It's 6 pm on Saturday night, and we've just hit the northern outskirts of Brisbane - that long drag through Carseldine into town - and I'm starting to get my usual reaction to Brisbane; the hair on the back of my neck is up, sweating palms, prickling scalp, and the unmistakable metallic taste of anger rising at the back of my palate.
By Kedron I'm subdued and sullen, with a rising heart rate and churning gut. G-man is calm: I'm in my inexplicable state of Brisbane induced turmoil. He didn't grow up here. I did. He's optimistically looking forward to a night out in town - something we rarely do because it's a four hour round trip and we seldom get the opportunity or a good enough reason to leave the farm. Now that the city is quickly rising up around us, sucking us into its glaring lume, I'm consumed by physical flight response.
We've got tickets to the opening night of The Tasmanian Babes Fiasco at the Arts Theatre, Birmo's book adapted by Simon Bedak. I'd seen Falafel years ago in a pub in Sydney - a riotous muck-up performed in a seedy pub in the inner west. It was a total hoot, and I should have been looking forward to this with the same optimism as G-man but, I'm heading into the heartland of my youth, a place I'd spent most of my waking hours trying to figure out how to get the hell out of.
We park the car and scale the hill to Petrie Terrace in search of the pub where Bedak and crew would be having a pre-performance nerve settling bevvy or three. It's humid and by the time we get to the Normanby Hotel I'm shiny with condensation or apprehension - not sure which. I get to finally meet Mrs Bedak and jump into her lap to snuggle up into her aura of calm self possession, hoping to take the edge of my rising hysteria. A beer would help too.
As we walk along the terrace to theatre I realise that Bedak is in the same state as me - hyper and agitated - but he's got a perfectly good reason. He's about to see a bunch of kids pretend to be the characters he's lifted off Birmo's page. He's going to sit amongst a crowd of people in a darkened room and ride the knife edge of success or failure. He's going to feel every pang of terror at the delivery of each line, each passage of action; is it working? It's a bit like being in a car crash when time passes excruciatingly slowly because your adrenalin has kicked in and you've got all the time in the world to imagine how you could have done it better in the shadow between the action and reaction.
The lights go down. Finally, I feel my oppressive Brisbane cringe relax. I love this part of the theatre experience, in the darkened room where you know there are a hundred other people breathing all around you, in that hushed moment before you become one thing, an audience, its concentration fixed on that red velvet curtain about to open and transport you into an imaginary world - a waking dream. The curtain sweeps aside and there it is, the set, crisp and surreal in a dazzle of light, contained as if in a snow dome.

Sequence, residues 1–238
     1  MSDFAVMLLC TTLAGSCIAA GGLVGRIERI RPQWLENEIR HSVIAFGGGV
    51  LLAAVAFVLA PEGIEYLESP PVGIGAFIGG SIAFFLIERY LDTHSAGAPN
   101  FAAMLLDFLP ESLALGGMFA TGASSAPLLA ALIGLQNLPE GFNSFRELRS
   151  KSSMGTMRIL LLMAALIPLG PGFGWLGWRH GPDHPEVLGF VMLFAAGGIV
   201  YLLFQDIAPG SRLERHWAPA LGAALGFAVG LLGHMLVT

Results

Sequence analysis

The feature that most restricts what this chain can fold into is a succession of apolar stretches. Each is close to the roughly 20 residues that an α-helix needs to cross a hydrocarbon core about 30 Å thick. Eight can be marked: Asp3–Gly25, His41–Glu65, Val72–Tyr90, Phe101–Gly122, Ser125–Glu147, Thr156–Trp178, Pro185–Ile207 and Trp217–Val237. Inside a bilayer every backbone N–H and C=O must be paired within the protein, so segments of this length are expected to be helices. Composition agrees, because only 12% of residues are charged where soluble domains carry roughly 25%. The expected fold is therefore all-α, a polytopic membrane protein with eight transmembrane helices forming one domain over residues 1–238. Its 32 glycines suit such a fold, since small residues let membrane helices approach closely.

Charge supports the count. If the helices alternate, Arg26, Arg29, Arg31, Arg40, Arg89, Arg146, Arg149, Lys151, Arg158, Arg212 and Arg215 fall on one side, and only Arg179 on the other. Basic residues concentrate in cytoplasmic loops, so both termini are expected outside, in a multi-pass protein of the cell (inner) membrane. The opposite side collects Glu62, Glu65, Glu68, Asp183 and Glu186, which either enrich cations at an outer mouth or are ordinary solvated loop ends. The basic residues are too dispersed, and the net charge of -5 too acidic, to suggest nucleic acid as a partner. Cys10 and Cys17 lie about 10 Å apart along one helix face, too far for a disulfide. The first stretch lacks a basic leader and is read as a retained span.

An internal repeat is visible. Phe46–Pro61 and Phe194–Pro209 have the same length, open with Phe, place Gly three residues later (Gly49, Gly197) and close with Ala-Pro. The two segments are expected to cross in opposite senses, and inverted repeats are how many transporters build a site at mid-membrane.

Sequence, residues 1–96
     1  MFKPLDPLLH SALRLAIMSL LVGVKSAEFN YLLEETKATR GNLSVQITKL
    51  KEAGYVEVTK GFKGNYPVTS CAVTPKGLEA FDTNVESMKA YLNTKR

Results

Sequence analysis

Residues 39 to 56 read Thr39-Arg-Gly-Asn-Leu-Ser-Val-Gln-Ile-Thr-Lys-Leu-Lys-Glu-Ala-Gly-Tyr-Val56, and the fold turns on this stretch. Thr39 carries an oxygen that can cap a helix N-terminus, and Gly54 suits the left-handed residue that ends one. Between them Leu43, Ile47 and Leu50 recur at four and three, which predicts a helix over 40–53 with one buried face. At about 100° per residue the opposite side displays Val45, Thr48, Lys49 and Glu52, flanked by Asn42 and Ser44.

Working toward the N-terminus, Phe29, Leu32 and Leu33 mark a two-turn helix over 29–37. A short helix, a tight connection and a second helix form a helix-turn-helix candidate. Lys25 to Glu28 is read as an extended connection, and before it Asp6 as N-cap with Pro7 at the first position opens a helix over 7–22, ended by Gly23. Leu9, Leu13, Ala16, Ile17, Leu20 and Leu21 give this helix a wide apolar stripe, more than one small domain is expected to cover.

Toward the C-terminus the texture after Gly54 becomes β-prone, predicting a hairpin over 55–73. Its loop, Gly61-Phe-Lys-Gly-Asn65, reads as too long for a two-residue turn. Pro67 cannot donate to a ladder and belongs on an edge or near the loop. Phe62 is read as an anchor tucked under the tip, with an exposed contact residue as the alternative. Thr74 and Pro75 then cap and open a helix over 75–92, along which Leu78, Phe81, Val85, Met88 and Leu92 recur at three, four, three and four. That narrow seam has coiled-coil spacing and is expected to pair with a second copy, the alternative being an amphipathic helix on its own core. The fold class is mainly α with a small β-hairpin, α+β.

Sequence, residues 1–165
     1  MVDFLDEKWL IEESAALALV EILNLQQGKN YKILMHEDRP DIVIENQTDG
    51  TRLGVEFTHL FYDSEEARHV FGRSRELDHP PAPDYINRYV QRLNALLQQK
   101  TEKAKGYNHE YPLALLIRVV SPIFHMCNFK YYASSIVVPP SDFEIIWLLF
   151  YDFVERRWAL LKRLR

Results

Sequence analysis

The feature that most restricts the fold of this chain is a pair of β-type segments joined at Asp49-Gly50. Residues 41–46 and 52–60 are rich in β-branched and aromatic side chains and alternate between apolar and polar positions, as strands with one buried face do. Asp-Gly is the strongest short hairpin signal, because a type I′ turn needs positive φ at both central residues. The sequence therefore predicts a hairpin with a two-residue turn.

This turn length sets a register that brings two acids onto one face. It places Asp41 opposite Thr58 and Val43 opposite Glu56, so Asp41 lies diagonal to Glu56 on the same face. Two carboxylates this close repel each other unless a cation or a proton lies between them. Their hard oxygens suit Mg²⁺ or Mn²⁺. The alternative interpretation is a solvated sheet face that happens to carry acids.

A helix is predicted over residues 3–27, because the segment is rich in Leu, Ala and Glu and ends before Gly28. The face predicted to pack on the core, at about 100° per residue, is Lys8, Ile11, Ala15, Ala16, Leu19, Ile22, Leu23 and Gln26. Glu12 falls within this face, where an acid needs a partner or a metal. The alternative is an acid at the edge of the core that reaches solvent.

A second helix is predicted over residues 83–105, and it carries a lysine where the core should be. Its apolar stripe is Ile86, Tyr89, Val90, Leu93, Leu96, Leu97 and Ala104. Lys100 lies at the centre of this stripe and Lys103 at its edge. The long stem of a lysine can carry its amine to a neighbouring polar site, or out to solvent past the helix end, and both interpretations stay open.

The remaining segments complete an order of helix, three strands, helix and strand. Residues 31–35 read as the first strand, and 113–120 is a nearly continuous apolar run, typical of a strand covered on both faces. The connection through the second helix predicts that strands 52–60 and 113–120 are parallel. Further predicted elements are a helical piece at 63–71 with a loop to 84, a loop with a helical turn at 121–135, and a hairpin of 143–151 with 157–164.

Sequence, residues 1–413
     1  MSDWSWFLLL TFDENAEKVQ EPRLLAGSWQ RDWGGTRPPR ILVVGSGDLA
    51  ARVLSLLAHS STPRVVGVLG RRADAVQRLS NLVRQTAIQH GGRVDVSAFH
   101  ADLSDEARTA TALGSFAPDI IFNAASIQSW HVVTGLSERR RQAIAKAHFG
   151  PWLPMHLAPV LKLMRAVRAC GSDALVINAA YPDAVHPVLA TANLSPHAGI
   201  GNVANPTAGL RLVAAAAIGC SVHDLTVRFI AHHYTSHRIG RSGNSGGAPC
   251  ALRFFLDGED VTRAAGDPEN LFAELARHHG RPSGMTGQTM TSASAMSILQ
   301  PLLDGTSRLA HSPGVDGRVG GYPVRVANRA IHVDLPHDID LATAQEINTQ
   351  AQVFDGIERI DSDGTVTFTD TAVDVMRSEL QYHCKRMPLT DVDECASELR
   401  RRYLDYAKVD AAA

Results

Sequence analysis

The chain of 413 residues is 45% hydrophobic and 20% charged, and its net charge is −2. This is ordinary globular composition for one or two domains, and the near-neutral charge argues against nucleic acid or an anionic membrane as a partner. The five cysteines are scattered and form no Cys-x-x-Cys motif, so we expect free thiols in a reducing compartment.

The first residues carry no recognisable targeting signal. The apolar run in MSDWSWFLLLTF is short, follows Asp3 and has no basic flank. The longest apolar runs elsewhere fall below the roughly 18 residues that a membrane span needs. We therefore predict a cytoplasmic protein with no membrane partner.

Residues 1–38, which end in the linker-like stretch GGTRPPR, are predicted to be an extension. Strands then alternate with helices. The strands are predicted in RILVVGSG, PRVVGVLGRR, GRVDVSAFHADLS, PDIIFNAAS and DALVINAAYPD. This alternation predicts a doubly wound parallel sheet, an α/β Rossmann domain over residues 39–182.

That's when it hits me like a 'punch in the guts'. The smell. The visual squalor of the set of Tassie Babes triggers a memory so acute it registers as a smell that defines my whole young adult life in Brisbane; stale cigarette, pot-reek, pungent week old garbage, foetid slime-slick fridge crisper, cockroach dirt, rat shit, rot, damp, semen and mouldy sheets, ammoniac piss splashed dunnies, and the stench of alcohol sodden upholstery, rancid fat and the cheesy putridity of empty pizza boxes.
I'm gone. I'm back there; disbelief disintegrated in that moment. When the characters emerge I'm no longer in my body. I'm there, suspended completely in the present of the unfolding drama of the characters' weird fucked-up Peter-Pan floating life, totally sucked into their car crash of one moment to the next - a whole era of my own experience condensed by Birmo and Bedak into a couple of hours of intense, horrible, exuberant, excruciating, ebullient, manic, tragic roller-coaster of a ride through time and space.
And miraculously, as the last of the applause crackles and subsides, and the hubbub of chatter rises and reality resumes its in-your-face clamour for attention, I find that the clench at my innards is gone and I have to ask myself why the play has had such a cathartic effect. The middle of that word is 'art', and I'm pretty certain that is what I have just seen - a work of art. Light-weight escapist slapstick comedy does not have this effect. Tassy Babes may employ all those elements, but it is so much more.